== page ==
Definition of borscht in English:


(also borsch)


  • [mass noun] A soup made with beetroot and usually served with sour cream, associated with the cuisine of eastern and central Europe, especially Russia, Poland, and Ukraine.

    • ‘Excellent borscht is $1.50; seven oversize, overstuffed pierogi made from scratch are $3.80.’
    • ‘Guests were invited to drink shots of vodka and eat cold borscht soup from tin bowls, while loud speakers blared old communist hymns.’
    • ‘The other hearty soups include a meaty goulash, sauerkraut or an excellent beet borscht, which is both strong and round on the tongue.’
    • ‘The young tender leaves have a fresh, palate cleansing taste and make a delicious addition to a salad; mature leaves can be pureed to make green sauce for fish, French Cream of Sorrel soup, or a variety of Russian borscht.’
    • ‘In my case the lentil soup that I chose was unavailable, but borsch was.’
    • ‘Claim that borscht is the ultimate way to eat beetroot and you will hear no arguments.’
    • ‘They claim that, without this final touch, borsch lacks character.’
    • ‘It was therefore the food of the Ashkenazi - chopped liver and gefilte fish, salt beef and latkes, cholent and borscht - which predominated there for many years.’
    • ‘We look to the Russians for that blood-coloured soup, borscht; we eat them cold with pasty, yellow mustard or horseradish sauce and the recent trend of pasta dyed with beetroot juice makes for nothing more than creative viewing.’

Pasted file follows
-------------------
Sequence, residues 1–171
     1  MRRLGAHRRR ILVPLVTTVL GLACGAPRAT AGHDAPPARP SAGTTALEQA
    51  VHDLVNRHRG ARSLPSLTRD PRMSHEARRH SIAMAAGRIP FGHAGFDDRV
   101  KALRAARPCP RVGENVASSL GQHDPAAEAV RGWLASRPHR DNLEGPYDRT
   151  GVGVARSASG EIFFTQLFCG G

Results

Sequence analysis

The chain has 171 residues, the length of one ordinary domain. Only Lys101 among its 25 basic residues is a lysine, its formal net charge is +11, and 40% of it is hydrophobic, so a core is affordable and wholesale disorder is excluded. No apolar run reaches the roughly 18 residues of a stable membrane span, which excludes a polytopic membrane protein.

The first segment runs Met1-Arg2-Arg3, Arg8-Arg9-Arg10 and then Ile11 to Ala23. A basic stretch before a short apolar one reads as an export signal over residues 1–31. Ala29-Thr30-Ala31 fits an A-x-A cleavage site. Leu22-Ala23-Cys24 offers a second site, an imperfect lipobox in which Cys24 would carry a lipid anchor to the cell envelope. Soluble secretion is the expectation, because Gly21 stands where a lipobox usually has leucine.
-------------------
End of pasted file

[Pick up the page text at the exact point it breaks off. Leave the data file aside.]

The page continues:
• ‘Filled cabbage and grape leaves as well as soups such as zama and the Russian borsch also form part of daily meals.’
    • ‘Jack laughed at that, shook his head, and began serving supper - a bowl of borscht with sour cream and rye bread, perogies and cabbage-rolls and good kolbassa sausage.’
    • ‘The selection features borscht, perogies, cabbage rolls, kolbassa and a daily special for each day of the week (including roast pork on Mondays and turkey with dressing on Fridays).’
    • ‘Other things to start with include five different kinds of soup, from borscht to solana.’
    • ‘The French have already been dealt with and I can now tell you Russian borscht will never again be soup-of-the-day.’
    • ‘I think that night of borscht and vodka and all sorts of other Russian traditions made us champions.’
    • ‘If the Russians win one game, I will eat this column shredded at high noon in a bowl of borscht on the front steps of the Russian Embassy.’
    • ‘Beet soup with duck is a hearty take on borscht, and while a brilliantly vermilion gazpacho could have been our favorite soup, it was, uncharacteristically, too salty.’
    • ‘The borscht is gorgeous, swimming with dill and sour cream.’
    • ‘From Russian borscht (a beetroot soup) to banana samal (a Southern Indian dish), he hoped to give the children the opportunity of trying something new and healthy.’
    • ‘Make cold borscht by grating roasted beets and adding chicken broth and sherry vinegar; top with plain yogurt and a pinch of caraway seeds.’


Russian borshch.